Get Your Ride Ready to Roll: Spring bike maintenance tips from the pros
Posted on March 21 2017
Temps are warming up, things are getting a whole lot greener, and your favorite trails are finally starting to dry out. It’s just about time to get back in the saddle and plaster that dirt eating grin on your face again, but there’s just one little problem… your bike is still hanging in the darkest recesses of your garage, adorned with flaccid tires and a few cobwebs.
But don’t despair, SHREDLY ambassadors Jen Segger, Ann Miers, Sari Anderson, and Mia Phillips have shared their tips for getting your two-wheeled beauty trail-ready this spring.
Clean Her Up
So, maybe you were really prepared and got your bike squeaky clean before putting her to bed for the winter. Or, maybe you’re like us and you were hoping to squeeze in one more ride before winter clobbered your trails, and you never quite got that final clean-up done. Either way, the first step to getting your bike back in shape is a good rinse with the hose and a soft bristled brush.
Don’t spray directly at or into hubs (axles), headsets, bottom bracket and cranks, fork seals, dropper seals or pivots. Seals are meant to keep water out so help them do their job! And water and grease don’t mix well so even though the greasy parts are even more tempting to spray, grease where it’s supposed to be is your friend.
Jen Segger recommends that you “Give it a wash, lube it up and then see how it is functioning by taking it for a spin!” That sounds good to us.
Lubricate the Joints
Do your lips get all chapped and rough in the winter? Well, the same thing happens to your poor bike as it hangs-out through the off season. A good dose of lube will help her come back to life purring like a tigress. There are a lot of options when it comes to chain lubricants, so don’t feel shy about asking your local bike shop what works best in your climate and conditions.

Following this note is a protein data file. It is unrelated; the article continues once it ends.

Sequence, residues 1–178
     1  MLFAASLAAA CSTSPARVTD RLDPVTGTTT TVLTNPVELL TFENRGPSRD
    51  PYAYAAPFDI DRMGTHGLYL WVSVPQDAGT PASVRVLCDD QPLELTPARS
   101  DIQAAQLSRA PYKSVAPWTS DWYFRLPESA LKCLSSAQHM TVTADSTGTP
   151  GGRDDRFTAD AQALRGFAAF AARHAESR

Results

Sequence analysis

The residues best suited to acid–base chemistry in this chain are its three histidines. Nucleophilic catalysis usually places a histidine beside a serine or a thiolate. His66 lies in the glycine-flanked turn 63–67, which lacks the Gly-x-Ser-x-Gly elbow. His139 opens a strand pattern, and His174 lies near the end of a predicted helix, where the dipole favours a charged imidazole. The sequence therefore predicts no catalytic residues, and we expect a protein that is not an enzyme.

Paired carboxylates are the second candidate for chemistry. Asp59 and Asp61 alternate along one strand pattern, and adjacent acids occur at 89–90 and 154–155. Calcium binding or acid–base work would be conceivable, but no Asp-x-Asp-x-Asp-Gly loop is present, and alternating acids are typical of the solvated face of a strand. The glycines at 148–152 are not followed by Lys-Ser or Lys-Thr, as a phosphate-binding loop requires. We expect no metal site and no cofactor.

Check your Pressure
It’s not unusual for things to feel a little squishier in the Spring than they were at the end of Summer (spare tires as well as bike tires). So get out your pump, and get everything back up to the right pressure. Aim for 20-30psi as a starting point and adjust from there depending on tire size, type of riding and rider weight. Tubeless tires can be ridden at a lower pressure than tubes without risking a pinch flat. This is also a good time to add 2-3 ounces of tire sealant if you roll tubeless.
If you have an air-sprung suspension, those might need to be topped off as well. A shock pump (very different than a tire pump) adjusts the pressure in your shock (rear) and your fork (front). Read the manual for your bike to learn how and where to adjust both. If you don’t already know your preferred settings, it’s absolutely worth getting fit and set-up by a professional. Keep a diary (or note on your phone) of your air pressure and rebound settings for the fork and shock after they’ve been set up properly. These settings can change how your bike feels, handles, performs, and ultimately whether or not you love it!
Know When to Call a Professional - and right now your bike shop might be closed but still operating their service department. Call them!
All of our pros recommend that when things are really nasty, or if you’re short on time, it’s best to let a professional mechanic at your local bike shop handle things. A tune-up in the spring will get everything running smoothly and hopefully avoid problems that might emerge later on.